# Finding expression for non-uniform current density of a wire

1. Nov 20, 2015

### phys-student

1. The problem statement, all variables and given/known data
A long, straight wire, radius R, carries total current I. The current is distributed in the wire so that the current
density is proportional to s, the distance from the center of the wire.
(a) Write an expression for the current density J in the wire, as a function of s.

2. Relevant equations
J=dI/da

3. The attempt at a solution
J=2*s*I/R2
I'm pretty sure my attempted solution is correct because when you integrate J from 0 to R with respect to s you get the total current I. However I kinda just pulled this out of thin air and I'm pretty sure I won't get full marks without showing my work. Is there a different way to do this besides just making up an expression for J like I did?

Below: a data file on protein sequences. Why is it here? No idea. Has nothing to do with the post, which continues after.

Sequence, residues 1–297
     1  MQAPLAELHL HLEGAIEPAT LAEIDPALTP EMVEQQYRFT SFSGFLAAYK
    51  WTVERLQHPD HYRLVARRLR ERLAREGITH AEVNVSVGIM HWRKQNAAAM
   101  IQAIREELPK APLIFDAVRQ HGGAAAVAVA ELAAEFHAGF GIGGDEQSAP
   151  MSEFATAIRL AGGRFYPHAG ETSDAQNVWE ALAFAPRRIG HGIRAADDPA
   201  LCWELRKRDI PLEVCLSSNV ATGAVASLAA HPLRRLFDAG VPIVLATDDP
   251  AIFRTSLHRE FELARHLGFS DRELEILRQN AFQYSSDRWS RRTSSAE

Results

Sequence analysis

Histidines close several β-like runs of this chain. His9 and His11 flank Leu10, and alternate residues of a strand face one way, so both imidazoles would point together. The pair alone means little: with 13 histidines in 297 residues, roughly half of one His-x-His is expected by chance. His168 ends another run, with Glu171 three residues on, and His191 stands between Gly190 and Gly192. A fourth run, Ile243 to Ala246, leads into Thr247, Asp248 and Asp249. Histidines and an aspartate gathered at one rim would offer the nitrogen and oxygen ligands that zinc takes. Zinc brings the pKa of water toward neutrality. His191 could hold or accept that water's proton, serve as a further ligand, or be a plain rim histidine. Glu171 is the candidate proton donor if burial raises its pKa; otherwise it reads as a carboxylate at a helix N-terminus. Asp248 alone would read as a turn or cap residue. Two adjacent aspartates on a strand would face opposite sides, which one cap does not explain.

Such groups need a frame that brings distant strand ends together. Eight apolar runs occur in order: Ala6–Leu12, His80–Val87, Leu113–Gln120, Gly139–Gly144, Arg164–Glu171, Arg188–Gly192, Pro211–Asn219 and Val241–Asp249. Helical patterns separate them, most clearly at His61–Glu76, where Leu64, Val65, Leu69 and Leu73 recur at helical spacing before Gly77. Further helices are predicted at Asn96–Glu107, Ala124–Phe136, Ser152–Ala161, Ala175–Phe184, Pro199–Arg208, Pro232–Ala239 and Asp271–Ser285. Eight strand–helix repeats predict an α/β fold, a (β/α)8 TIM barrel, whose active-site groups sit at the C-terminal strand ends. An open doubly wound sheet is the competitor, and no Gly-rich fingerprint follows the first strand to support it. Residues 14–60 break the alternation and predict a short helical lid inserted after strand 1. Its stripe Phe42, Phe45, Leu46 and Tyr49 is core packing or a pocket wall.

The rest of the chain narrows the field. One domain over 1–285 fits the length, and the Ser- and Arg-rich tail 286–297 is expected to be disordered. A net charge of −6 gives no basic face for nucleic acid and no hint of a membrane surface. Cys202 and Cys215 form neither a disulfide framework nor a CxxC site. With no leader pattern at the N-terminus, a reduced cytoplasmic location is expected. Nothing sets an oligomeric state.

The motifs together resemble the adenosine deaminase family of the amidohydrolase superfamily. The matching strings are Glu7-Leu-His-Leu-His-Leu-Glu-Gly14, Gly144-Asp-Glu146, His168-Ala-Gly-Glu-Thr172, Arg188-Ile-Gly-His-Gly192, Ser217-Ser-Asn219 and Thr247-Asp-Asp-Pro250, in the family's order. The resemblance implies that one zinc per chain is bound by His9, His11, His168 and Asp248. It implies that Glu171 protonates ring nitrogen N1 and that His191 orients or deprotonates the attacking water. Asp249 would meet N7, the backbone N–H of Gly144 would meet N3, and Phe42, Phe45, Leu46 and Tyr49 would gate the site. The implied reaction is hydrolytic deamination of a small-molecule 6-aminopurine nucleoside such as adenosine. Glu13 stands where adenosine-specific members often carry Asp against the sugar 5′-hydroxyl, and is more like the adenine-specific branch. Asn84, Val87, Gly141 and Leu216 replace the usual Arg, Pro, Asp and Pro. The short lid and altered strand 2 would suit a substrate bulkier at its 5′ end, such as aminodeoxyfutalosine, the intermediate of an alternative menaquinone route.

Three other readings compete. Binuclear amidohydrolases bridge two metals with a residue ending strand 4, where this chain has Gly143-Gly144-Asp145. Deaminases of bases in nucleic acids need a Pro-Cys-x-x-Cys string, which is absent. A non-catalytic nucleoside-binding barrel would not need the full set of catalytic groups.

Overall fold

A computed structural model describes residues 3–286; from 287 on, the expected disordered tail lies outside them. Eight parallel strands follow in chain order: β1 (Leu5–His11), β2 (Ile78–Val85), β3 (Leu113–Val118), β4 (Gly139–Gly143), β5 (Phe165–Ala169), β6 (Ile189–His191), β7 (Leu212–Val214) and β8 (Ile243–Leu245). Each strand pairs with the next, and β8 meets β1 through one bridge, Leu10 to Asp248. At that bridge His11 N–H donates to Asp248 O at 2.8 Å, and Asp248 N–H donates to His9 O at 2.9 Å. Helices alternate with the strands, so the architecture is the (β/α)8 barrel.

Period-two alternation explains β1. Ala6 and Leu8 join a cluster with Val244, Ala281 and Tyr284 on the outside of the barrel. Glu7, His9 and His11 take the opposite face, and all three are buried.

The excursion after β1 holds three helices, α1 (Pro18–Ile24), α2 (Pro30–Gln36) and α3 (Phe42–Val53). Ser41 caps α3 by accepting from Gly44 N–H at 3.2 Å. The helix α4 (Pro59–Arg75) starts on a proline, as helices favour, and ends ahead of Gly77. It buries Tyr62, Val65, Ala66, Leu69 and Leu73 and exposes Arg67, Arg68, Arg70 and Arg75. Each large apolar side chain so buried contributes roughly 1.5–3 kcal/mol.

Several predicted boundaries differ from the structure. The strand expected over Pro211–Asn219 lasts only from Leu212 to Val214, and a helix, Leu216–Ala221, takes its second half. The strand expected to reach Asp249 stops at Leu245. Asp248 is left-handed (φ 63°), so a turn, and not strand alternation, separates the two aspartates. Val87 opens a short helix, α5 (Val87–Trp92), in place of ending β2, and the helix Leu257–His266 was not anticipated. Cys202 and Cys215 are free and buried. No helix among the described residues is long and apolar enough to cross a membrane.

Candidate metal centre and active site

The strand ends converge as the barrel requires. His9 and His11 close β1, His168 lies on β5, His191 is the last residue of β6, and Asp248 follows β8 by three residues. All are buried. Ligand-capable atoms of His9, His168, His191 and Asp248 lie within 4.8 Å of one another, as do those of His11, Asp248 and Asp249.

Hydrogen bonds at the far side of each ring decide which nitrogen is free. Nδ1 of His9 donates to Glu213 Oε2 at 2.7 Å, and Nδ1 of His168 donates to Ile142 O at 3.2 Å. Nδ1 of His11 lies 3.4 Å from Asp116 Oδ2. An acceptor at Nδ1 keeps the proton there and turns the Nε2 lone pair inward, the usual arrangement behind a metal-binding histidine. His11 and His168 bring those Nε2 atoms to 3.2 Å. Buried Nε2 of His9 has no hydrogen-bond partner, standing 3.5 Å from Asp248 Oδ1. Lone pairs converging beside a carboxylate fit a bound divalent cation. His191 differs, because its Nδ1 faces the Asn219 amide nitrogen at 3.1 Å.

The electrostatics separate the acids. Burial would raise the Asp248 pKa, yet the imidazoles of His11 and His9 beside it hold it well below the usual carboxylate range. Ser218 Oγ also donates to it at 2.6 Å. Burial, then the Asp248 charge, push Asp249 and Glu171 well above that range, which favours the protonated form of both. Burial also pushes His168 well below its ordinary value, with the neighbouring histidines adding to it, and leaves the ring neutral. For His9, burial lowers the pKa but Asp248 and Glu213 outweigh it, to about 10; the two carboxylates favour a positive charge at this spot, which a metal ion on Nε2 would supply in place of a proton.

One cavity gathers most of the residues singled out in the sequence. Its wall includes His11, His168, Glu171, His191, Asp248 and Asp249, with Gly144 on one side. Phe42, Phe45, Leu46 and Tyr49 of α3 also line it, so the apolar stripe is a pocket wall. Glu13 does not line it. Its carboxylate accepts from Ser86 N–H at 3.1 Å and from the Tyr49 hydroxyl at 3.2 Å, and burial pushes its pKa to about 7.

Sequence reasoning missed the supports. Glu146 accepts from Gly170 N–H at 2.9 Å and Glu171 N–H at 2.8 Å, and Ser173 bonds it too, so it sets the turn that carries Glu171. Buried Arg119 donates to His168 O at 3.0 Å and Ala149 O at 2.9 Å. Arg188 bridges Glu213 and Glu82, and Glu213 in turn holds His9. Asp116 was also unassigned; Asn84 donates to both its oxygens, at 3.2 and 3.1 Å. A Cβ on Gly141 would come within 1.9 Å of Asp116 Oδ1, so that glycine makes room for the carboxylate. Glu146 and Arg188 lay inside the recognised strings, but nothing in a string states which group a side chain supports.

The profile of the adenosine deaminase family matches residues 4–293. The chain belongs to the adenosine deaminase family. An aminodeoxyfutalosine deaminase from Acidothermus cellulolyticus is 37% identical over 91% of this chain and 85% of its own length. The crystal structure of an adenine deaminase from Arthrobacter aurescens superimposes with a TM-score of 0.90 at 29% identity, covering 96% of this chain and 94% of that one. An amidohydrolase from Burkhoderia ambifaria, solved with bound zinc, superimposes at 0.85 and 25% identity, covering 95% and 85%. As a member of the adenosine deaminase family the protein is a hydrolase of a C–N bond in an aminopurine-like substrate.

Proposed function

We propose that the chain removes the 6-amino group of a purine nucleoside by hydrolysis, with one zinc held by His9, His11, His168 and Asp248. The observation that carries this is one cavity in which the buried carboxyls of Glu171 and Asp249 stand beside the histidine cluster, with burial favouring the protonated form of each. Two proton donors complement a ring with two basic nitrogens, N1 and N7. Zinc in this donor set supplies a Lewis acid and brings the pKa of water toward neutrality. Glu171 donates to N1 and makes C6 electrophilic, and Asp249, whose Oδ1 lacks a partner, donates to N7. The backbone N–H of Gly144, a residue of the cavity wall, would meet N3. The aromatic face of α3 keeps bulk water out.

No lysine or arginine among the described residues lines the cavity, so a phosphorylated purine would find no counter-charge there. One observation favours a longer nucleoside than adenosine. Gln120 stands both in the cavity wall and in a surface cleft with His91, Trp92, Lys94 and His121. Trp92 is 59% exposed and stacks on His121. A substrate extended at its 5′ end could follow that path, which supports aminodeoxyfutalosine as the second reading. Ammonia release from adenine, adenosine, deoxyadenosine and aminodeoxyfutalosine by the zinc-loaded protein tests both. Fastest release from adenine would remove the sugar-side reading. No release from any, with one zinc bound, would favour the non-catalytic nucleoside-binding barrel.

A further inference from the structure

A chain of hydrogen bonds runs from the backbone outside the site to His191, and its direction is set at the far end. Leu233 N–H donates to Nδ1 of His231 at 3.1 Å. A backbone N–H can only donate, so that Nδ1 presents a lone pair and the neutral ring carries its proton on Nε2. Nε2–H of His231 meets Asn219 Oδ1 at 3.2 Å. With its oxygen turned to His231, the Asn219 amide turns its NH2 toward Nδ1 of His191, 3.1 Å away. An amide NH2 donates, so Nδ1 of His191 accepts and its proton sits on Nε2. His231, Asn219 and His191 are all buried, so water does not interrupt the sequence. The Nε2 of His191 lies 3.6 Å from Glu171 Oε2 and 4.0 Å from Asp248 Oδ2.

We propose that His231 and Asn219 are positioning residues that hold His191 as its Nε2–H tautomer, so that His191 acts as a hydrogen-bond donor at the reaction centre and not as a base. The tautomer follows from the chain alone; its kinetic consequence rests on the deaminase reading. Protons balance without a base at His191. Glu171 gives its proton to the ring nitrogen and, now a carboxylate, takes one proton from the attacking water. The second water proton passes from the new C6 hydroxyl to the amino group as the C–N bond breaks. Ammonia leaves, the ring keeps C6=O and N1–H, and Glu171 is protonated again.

2. Nov 20, 2015

### TSny

How would you express this statement in mathematical form?

3. Nov 20, 2015

### phys-student

I don't know, that's what I'm trying to understand. I was trying to express that statement in mathematical form but couldn't figure it out, so I settled on the expression that I have simply because integrating it over the cross section of the wire results in the total current I

4. Nov 20, 2015

### SammyS

Staff Emeritus
I'm pretty sure that's not right. Even the units are wrong.

Likely you're not integrating over an area.

5. Nov 20, 2015

### phys-student

Yep you're right. Totally forgot that I also need to integrate over the angle from 0 to 2 pi

6. Nov 20, 2015

### phys-student

Okay I'm good now, thanks